In the increasingly competitive beer marketplace that exists today, brewers generally have to try harder to stand out from the crowd. Packaging is one way to do this, whether with eye-catching labels or cans instead of bottles, for example. But until late last year, we hadn't seen a local brewer opt for aluminium bottles.
That's the route Echuca micro Bandicoot Brewing has gone for, releasing an approachable, gently estery and malt led Blonde and a Pale Ale that nudges at the upper ends of the boundaries for the style in such packaging. So before we get to the part of Who Brews...? where they respond to our standard Q&A request, co-owner and head brewer Tracey Green tells us why metal over glass.
"There were many reasons why we chose to place our beer in aluminium bottles. The main reason is that it better for the beer," she says. "Like cans we are fully protected from UV light, which is important when most venues we visited store their beer in fluorescent lit fridges.
"Although cans offer better protection than glass, many people still preferred the bottle, whether it was for its styling, drinkability or existing perceptions."
She says there are environmental and logistical benefits too, with a slab around 4kg lighter.
"Echuca is situated on the Murray River and like most locals we really enjoy camping and spending time with friends along the river," she says. "We take pride in our environment and are saddened to see the increasing amount of broken glass that is accumulating along the banks. It's great knowing we are not contributing to this issue or any other broken glass problems people have. We are also able to have our beer in no glass venues or functions.
"With a different and eye catching bottle we are of course are hopeful it will stand out in the market and entice more people to try craft beer, especially ours. The brewery also has no problems of broken glass.
"[It's] personal preference, I guess, but we think they look pretty cool; we did a lot of searching to find an aluminium bottle that still had the classic beer bottle shape and not one with a short stumpy neck."
Any down sides?
"They are more expensive."
Thanks. Now on with the Q&A!
Who are you?
Bruce and Tracey Green. Tracey is the brewer. She had been home brewing for many years and really enjoys brewing and creating her own beers. She has always been interested in and studied food science. Before catching the brewing bug she was making her own cheese.
Bruce says: "Beer's better, there really is only so much Camembert you can eat."
Bruce did an apprenticeship in fitting and machining and has always been great at building or fixing. Although he always jokes he's only there to lift heavy things he's responsible for building most of the brewery.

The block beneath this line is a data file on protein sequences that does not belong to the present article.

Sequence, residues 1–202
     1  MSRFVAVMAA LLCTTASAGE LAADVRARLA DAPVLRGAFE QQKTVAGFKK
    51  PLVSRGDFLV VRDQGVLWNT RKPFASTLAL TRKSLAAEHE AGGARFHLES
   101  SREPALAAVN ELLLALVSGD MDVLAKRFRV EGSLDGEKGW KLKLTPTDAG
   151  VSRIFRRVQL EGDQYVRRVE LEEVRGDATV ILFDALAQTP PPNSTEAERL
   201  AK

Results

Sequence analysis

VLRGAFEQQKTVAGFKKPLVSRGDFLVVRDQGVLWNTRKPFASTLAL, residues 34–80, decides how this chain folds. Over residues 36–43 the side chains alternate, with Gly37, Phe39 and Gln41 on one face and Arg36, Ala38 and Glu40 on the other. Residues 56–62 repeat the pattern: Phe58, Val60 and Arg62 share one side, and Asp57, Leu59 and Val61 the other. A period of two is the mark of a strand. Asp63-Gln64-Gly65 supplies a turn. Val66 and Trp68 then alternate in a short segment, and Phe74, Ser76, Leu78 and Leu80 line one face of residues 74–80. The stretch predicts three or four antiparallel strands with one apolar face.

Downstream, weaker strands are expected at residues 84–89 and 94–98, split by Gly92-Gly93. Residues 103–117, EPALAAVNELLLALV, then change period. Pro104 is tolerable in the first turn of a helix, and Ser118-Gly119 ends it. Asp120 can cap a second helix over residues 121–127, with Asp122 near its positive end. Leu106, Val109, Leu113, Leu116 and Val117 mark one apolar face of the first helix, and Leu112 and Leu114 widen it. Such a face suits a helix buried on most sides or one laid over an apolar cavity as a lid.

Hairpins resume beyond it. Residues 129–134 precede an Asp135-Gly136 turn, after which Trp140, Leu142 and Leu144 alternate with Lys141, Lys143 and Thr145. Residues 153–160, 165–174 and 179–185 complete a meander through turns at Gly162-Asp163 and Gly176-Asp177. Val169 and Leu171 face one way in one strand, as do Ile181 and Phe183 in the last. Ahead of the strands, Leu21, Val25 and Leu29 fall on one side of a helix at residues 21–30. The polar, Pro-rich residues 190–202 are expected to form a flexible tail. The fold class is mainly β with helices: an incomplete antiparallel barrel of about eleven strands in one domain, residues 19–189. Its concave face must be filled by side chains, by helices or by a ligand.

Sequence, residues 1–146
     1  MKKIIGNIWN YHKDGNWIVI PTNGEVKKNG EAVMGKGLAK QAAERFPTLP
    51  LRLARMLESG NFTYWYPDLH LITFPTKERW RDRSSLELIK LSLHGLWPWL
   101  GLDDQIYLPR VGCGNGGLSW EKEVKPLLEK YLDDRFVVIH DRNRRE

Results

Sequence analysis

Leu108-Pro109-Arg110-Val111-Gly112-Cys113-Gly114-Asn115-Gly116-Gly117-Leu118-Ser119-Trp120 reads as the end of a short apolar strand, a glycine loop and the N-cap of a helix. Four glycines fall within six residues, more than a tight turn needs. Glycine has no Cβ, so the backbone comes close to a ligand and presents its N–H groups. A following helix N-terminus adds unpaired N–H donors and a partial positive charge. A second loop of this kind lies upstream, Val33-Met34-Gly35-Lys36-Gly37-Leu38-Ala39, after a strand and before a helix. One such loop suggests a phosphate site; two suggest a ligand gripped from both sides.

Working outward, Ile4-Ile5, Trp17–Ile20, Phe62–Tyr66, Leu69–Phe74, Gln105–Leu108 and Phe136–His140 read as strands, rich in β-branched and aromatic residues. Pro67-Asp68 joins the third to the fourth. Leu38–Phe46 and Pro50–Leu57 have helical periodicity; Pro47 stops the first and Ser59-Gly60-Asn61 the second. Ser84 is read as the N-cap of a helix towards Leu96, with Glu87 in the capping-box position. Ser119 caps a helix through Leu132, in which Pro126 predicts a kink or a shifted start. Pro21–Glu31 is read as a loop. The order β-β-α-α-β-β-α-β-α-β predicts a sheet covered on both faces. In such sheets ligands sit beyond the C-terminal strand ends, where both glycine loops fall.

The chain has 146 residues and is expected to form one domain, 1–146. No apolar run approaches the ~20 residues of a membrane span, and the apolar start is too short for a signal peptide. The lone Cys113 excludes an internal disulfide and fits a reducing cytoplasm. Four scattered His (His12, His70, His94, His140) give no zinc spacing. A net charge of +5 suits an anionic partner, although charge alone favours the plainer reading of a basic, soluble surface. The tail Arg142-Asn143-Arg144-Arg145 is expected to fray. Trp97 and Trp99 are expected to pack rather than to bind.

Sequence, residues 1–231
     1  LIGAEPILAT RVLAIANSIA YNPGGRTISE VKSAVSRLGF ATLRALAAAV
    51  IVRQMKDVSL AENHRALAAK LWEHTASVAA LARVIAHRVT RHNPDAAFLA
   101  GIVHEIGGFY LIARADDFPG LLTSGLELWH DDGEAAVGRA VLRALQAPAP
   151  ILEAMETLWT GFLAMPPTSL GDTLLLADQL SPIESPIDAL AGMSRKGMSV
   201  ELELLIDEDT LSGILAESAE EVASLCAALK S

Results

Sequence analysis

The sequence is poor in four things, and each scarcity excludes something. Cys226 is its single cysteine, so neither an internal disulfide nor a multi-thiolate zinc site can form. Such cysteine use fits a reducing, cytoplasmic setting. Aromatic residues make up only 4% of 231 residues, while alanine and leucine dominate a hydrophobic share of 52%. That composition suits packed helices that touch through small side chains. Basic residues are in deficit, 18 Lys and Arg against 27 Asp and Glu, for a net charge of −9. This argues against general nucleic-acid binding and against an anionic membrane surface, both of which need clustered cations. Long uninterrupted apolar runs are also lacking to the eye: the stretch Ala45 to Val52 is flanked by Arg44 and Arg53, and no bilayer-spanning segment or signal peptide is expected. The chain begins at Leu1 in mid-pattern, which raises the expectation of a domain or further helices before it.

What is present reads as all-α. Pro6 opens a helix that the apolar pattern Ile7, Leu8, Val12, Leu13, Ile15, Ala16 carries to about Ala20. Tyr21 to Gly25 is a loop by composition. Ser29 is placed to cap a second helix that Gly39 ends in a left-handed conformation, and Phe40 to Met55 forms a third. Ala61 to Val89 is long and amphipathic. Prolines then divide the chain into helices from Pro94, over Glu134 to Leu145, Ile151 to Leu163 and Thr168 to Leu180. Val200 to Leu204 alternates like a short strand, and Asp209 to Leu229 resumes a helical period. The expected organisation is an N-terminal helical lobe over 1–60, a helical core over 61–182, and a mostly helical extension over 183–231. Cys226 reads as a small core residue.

We imported basically two tanks: a DME Mash/Kettle and a Lauter Tun from the UK, and have built the whole brewery around it, sourcing bits and pieces from anywhere we could find. Although we didn't built it alone and have had the most amazing support along the way, especially from our local plumber Steve Oliver and electrician Gordon Watson.
Where do you brew?
Our factory is behind Echuca Windscreens, which is on the main road into Echuca from Melbourne.
What beers have you released to date?
Barbed Wire Blonde and Rusty Pale Ale. The Barbed Wire Blonde is smooth and really approachable, and a great summer time beer.
I have been brewing this beer for years at home. It was the perfect entertainer beer that everyone enjoyed, whether they mainly drank craft beer or mainstream.
The Rusty Pale Ale was always one of my favourites and gets its name from the rusty colour of the beer. It has a strong malty back bone which is then balanced out with a generous blend of American hops to really bring out some citrus and resinous hop character.
We are planning on brewing our Belgian Bombshell and our After Dark Ale shortly which did really well at the Bendigo Beer Festival, though it may be a while before being released as we want to age them first to really to really bring out their best.
Where can people find your beers?
Direct from the brewery. In Echuca it's on tap in The Mill and The American Hotel. It's also in bottles in Radcliffes, The Caledonian, The Workers and Services Club.
In Moama, bottles are available in the Border Inn, Morrison's winery, and in Bendigo, bottles are in Bazurk. We are in the process of organising more venues, and should see it stocked in many more places very soon.
What's the inspiration behind the brewery name?
Bandicoot was a nickname that Tracey was given many years ago.
What beers are in your fridge right now?
Bandicoot beer of course. The fridge is normally stocked with two to three home brewed beers on tap but lately we have been so busy with the brewery that the poor fridge is looking very anaemic.
We still do have some bottles collected over the years, such as an ANHC Commemorative Barley Wine brewed for the first Australian homebrew conference, a signed bottle of Holgate's Temptress after brewing that beer in a brew day prize, Mountain Goat's 15 year anniversary beer plus a few others that I have kept, some I'm not even sure why.
And which beers are found most frequently in your fridge?
No regulars in our fridge. We're always chasing something new.
Thanks guys. Good luck getting more beer into more people's hands! You can visit Bandicoot's website here.
And if you are part of or know a new (or newish) micro in Australia that we haven't yet featured on The Crafty Pint, please drop us a line to firstname.lastname@example.org.